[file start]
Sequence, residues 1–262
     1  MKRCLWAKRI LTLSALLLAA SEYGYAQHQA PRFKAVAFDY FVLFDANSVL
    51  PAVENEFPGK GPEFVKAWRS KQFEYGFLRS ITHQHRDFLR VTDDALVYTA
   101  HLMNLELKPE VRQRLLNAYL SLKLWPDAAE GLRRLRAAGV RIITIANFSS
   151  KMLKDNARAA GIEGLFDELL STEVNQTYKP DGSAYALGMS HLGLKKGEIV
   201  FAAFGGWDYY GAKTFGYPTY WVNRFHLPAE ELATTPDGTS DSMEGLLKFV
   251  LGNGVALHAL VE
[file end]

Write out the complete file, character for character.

Sequence, residues 1–262
     1  MKRCLWAKRI LTLSALLLAA SEYGYAQHQA PRFKAVAFDY FVLFDANSVL
    51  PAVENEFPGK GPEFVKAWRS KQFEYGFLRS ITHQHRDFLR VTDDALVYTA
   101  HLMNLELKPE VRQRLLNAYL SLKLWPDAAE GLRRLRAAGV RIITIANFSS
   151  KMLKDNARAA GIEGLFDELL STEVNQTYKP DGSAYALGMS HLGLKKGEIV
   201  FAAFGGWDYY GAKTFGYPTY WVNRFHLPAE ELATTPDGTS DSMEGLLKFV
   251  LGNGVALHAL VE